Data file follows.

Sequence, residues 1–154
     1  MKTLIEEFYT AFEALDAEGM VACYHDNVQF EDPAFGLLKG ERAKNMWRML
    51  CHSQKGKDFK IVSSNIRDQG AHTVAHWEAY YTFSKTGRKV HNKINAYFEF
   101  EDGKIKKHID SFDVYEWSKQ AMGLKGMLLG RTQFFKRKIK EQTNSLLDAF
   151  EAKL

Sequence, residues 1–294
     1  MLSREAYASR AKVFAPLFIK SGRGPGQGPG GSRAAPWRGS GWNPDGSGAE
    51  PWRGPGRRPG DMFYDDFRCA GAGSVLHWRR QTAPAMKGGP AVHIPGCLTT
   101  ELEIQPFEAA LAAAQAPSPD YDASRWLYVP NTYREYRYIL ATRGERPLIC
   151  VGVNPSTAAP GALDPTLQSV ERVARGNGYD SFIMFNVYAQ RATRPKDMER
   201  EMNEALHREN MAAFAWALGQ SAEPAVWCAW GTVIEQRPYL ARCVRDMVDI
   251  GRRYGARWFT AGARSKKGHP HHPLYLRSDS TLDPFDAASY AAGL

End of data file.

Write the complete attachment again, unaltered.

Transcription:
Sequence, residues 1–154
     1  MKTLIEEFYT AFEALDAEGM VACYHDNVQF EDPAFGLLKG ERAKNMWRML
    51  CHSQKGKDFK IVSSNIRDQG AHTVAHWEAY YTFSKTGRKV HNKINAYFEF
   101  EDGKIKKHID SFDVYEWSKQ AMGLKGMLLG RTQFFKRKIK EQTNSLLDAF
   151  EAKL

Sequence, residues 1–294
     1  MLSREAYASR AKVFAPLFIK SGRGPGQGPG GSRAAPWRGS GWNPDGSGAE
    51  PWRGPGRRPG DMFYDDFRCA GAGSVLHWRR QTAPAMKGGP AVHIPGCLTT
   101  ELEIQPFEAA LAAAQAPSPD YDASRWLYVP NTYREYRYIL ATRGERPLIC
   151  VGVNPSTAAP GALDPTLQSV ERVARGNGYD SFIMFNVYAQ RATRPKDMER
   201  EMNEALHREN MAAFAWALGQ SAEPAVWCAW GTVIEQRPYL ARCVRDMVDI
   251  GRRYGARWFT AGARSKKGHP HHPLYLRSDS TLDPFDAASY AAGL